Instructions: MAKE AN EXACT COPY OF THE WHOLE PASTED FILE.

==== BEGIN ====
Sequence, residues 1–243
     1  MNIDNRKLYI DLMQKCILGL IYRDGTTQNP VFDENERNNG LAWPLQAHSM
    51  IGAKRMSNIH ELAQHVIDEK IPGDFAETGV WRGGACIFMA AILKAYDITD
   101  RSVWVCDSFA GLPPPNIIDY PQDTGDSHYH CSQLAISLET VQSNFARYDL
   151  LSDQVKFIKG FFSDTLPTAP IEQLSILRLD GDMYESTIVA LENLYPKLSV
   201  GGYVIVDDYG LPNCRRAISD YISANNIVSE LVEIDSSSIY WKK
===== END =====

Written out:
Sequence, residues 1–243
     1  MNIDNRKLYI DLMQKCILGL IYRDGTTQNP VFDENERNNG LAWPLQAHSM
    51  IGAKRMSNIH ELAQHVIDEK IPGDFAETGV WRGGACIFMA AILKAYDITD
   101  RSVWVCDSFA GLPPPNIIDY PQDTGDSHYH CSQLAISLET VQSNFARYDL
   151  LSDQVKFIKG FFSDTLPTAP IEQLSILRLD GDMYESTIVA LENLYPKLSV
   201  GGYVIVDDYG LPNCRRAISD YISANNIVSE LVEIDSSSIY WKK